There are a number of provisions in SARA which require the Minister of Environment to reach an opinion on whether there is sufficient protection for species in provinces or territories, and, if there is not, to recommend the federal cabinet make orders which could potentially impose restrictions on the provinces' ability to manage resources within their jurisdiction. Permits are also issued based upon the opinion of the Minister. The confirmation of the inability of the Court to compel the Minister to make a decision in a particular manner when there is an opinion involved, limits actions that could be taken by groups that may seek to have SARA's prohibitions applied to public and private lands in a province or that wish to challenge permitting decisions.
However, while the Court held it was not able to compel the Minister to exercise his discretion in a particular way, it also agreed with the Applicants that the decision the Minister made regarding the boreal caribou in Alberta was confusing, as the facts set out in the decision did not seem to support his final conclusion. For this reason, the Court determined that it was appropriate to order the Minister to reconsider his opinion and, presumably, to provide clearer reasons for whatever conclusion he does eventually reach. In that way, the Court confirmed it is imperative that opinion decisions be based upon supportable facts, and that such facts be clearly articulated by the decision-maker.
CROWN'S HONOUR TOWARDS FIRST NATIONS IS RELEVANT WHEN INTERPRETING SARA
The Court also held that the Minister's decision that the treaty rights of the First Nations were not relevant to the determination of whether the boreal caribou faces imminent danger to its survival or recovery was incorrect.
This conclusion was based on two general observations by the Court:
- the nature of the treaty right to hunt was originally granted by the Crown to preserve the First Nations' traditional way of life; and
- in all of its dealings with First Nations, including interpreting statutory provisions that impact treaty or aboriginal rights, the Crown must act in a manner that maintains the Crown's honour towards First Nations.
The Court went on to note that the Minister should have assessed the extent to which the ongoing "violation" of SARA – by failing to post a recovery strategy and continued inaction with respect to boreal caribou –would be inconsistent with the honour of the Crown. The Court emphasized that its decision was limited to a finding that the Minister was wrong to conclude that these matters were not relevant to his interpretation of SARA and should not be taken to suggest that a proper consideration of the treaty rights or the Crown's honour would necessarily have led to a particular opinion by the Minister.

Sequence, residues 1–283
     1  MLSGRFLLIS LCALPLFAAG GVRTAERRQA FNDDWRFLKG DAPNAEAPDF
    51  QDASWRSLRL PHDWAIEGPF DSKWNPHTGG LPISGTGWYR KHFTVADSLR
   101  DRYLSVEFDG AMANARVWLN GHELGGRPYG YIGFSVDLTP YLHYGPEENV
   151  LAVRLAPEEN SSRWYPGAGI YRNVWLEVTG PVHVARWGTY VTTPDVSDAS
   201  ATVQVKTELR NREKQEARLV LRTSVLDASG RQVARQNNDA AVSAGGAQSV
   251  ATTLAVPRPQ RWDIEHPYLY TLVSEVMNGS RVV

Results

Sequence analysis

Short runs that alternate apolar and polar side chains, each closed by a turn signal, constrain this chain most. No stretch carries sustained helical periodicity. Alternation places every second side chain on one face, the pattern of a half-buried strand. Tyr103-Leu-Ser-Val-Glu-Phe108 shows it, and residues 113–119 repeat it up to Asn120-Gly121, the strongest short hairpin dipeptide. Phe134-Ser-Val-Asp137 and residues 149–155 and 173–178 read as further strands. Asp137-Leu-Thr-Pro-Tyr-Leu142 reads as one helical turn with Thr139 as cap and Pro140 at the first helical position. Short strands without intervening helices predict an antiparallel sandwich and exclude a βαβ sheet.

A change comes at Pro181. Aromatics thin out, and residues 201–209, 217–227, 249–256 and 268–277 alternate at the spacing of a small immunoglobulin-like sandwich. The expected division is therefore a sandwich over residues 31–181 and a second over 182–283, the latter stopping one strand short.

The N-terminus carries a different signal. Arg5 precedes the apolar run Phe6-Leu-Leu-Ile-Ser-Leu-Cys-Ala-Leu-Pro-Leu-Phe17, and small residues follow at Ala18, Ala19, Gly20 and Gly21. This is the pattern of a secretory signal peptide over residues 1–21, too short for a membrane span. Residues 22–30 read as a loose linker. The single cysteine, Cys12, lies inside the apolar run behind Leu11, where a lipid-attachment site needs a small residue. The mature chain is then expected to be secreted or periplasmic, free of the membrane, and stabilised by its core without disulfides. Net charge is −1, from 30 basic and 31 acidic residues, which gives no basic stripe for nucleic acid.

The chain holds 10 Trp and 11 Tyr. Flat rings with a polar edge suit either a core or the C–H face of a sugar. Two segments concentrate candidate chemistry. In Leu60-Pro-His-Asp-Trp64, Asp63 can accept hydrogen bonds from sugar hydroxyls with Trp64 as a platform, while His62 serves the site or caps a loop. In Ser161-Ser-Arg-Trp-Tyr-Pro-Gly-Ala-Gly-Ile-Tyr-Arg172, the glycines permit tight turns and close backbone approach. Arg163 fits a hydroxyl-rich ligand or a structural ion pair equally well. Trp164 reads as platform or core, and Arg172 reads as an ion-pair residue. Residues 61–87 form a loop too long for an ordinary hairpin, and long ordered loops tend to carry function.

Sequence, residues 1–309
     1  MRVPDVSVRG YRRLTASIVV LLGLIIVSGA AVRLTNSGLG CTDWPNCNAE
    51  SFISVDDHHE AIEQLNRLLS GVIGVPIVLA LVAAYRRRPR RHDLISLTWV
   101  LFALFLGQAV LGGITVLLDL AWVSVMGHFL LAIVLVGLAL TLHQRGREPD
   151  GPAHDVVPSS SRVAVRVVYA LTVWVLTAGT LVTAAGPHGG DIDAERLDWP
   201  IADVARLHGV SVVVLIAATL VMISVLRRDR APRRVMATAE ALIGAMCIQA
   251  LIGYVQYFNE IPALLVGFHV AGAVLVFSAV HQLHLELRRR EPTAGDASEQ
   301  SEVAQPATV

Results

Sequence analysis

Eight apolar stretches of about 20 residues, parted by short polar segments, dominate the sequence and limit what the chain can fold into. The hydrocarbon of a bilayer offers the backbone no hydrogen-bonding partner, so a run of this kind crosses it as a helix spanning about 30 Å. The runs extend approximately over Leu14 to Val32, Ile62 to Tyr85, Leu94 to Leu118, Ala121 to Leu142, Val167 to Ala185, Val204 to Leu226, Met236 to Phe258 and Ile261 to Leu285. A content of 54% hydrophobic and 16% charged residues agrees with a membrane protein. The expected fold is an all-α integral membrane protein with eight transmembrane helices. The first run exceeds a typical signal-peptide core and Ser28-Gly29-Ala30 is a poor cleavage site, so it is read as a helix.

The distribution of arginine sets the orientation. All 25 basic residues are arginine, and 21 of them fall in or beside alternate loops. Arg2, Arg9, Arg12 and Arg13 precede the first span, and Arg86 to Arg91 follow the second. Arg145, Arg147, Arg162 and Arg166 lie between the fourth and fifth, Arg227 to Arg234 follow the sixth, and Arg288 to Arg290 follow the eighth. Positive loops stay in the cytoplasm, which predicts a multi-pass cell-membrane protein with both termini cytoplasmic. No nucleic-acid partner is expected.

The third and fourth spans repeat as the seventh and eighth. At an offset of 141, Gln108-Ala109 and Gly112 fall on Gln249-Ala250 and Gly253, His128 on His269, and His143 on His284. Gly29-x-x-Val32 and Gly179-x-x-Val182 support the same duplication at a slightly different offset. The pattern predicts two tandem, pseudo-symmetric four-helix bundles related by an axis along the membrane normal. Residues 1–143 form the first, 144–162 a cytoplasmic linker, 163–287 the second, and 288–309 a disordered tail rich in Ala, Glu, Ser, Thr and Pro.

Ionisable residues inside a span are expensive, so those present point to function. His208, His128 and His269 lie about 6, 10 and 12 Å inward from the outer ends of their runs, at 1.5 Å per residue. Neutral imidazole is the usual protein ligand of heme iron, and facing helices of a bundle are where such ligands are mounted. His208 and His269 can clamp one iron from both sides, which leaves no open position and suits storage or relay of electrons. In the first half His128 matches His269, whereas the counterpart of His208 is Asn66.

COURT PUTS PRESSURE ON ENVIRONMENT MINISTER TO GET RECOVERY STRATEGY COMPLETED
As noted above, the Court was asked to make an order for Environment Canada to complete the draft recovery strategy and post it to the SARA Registry as required by the legislation. This posting will commence a mandatory public comment period. However, as the Minister had informed the Applicants that the recovery strategy was to be completed in the summer of 2011, the Court deferred making the order, but stated it will reconsider it after September 1, 2011. It thus appears that the government has a month to get the proposed strategy officially posted or potentially face a court order to do so.
RECOVERY IN SARA NOT RESTRICTED TO OBJECTIVES SET IN RECOVERY STRATEGIES
The First Nations and ENGOs urged the Court to interpret the meaning of the word "recovery" in SARA to mean the objectives which are established in a recovery strategy. The Court found this position to be inconsistent with SARA, stating that while recovery objectives identified in recovery strategies are relevant to the consideration of whether there is an imminent danger to the recovery of a species, they are not the sole factor to be considered.
Unfortunately, the Court did not elaborate on what other factors besides the recovery strategy objectives might be relevant to considering whether SARA's requirements to recover a species are met. This aspect of the decision highlights the ongoing confusion as to what exactly the word "recovery" in SARA means, and, if anything, provides more support for an argument that SARA either needs amending or, at the very least, clarification through regulation or policy development.
The content of this article is intended to provide a general guide to the subject matter. Specialist advice should be sought about your specific circumstances.